There was a time when UFC lightweight Gray Maynard looked pretty close to unstoppable. The former college wrestler burst onto the MMA scene and rose through the ranks all the way to a title shot against a man - Frankie Edgar - he'd already dominated once before.
Then, Maynard had to settle for a draw with Edgar despite nearly knocking him out in the first round. Then, Maynard himself was knocked out in their third bout.
Maynard won a controversial decision over Clay Guida next, and then was knocked out two more times in succession by TJ Grant and Nate Diaz. The Diaz loss was last November and Maynard has not fought since then.
He also never seriously considered hanging up his gloves, either, according to an interview with Thomas Gerbasi. Maynard said he lost his focus for a bit, and paid for it.
“There was just a lot going on,” he said,
“Tt isn’t an excuse, but I was just going out there and going through the motions. If you’re not alert and you’re not on point, that’s how you get caught and get dropped. A loss always hurts, but if it was something where I got beat up for the whole time, then I’d probably have a lot to look at, but the last two were kind of quick and I think it was the mental lapses. It happens. But you can’t have that, especially going up against top ten guys. You’ve got to be on point.”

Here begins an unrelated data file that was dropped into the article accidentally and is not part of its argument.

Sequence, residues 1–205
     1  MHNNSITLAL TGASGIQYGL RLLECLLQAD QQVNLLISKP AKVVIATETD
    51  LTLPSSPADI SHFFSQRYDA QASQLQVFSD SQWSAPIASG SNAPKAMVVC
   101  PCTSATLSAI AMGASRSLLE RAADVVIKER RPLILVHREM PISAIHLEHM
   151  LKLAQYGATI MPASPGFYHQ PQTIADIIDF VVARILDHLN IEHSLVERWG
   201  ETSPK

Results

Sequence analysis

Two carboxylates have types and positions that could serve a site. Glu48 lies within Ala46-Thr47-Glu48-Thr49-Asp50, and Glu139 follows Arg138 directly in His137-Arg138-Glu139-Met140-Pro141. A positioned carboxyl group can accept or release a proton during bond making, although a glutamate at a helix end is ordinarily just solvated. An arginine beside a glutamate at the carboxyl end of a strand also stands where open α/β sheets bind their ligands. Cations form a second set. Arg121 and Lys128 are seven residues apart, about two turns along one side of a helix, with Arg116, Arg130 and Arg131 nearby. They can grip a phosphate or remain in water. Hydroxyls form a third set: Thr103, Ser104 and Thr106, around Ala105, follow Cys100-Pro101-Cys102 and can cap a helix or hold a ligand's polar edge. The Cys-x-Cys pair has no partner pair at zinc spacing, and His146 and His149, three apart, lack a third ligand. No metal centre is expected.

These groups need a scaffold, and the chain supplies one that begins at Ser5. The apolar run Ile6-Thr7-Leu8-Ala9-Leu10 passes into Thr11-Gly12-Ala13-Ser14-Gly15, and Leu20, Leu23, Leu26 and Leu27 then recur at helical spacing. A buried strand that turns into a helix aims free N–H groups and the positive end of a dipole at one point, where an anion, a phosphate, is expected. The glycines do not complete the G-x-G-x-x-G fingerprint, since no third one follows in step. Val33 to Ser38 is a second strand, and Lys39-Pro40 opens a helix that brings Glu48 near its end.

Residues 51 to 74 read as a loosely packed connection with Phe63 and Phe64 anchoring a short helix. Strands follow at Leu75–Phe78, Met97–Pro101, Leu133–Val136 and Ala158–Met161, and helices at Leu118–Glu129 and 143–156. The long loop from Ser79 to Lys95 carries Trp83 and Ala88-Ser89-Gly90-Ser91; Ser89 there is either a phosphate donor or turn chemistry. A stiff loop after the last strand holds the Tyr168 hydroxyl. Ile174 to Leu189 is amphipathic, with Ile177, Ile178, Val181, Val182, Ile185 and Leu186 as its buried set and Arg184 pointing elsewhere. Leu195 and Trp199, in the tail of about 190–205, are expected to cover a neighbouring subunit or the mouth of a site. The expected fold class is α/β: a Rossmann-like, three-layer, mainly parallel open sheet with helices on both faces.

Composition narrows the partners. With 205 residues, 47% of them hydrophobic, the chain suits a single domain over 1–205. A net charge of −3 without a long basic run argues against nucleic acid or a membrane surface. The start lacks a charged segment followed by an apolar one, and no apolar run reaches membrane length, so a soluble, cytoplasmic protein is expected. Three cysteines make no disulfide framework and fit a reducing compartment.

Maynard has far from given up on his MMA career, however, and has moved his training camp to Arizona and the Power MMA team lead by Aaron Simpson. "The Bully" looks to another UFC star who changed camps and has experienced a career turn-around in Robbie Lawler.
“A lot of people said ‘yeah, he’s kinda done,’ and then he just roared back and did awesome,” Maynard said of Lawler.
“I think it was his new camp [at American Top Team] and the new attitude.”
On Saturday, Maynard's road back begins with a fight against Ross Pearson on the UFC Fight Night card in Maine. Though the fighter has confidence in himself, he can't promise any particular result.
Though, as he reflects on the unpredictable nature of the sport, it's clear he's optimistic. "It is a crazy game," he said.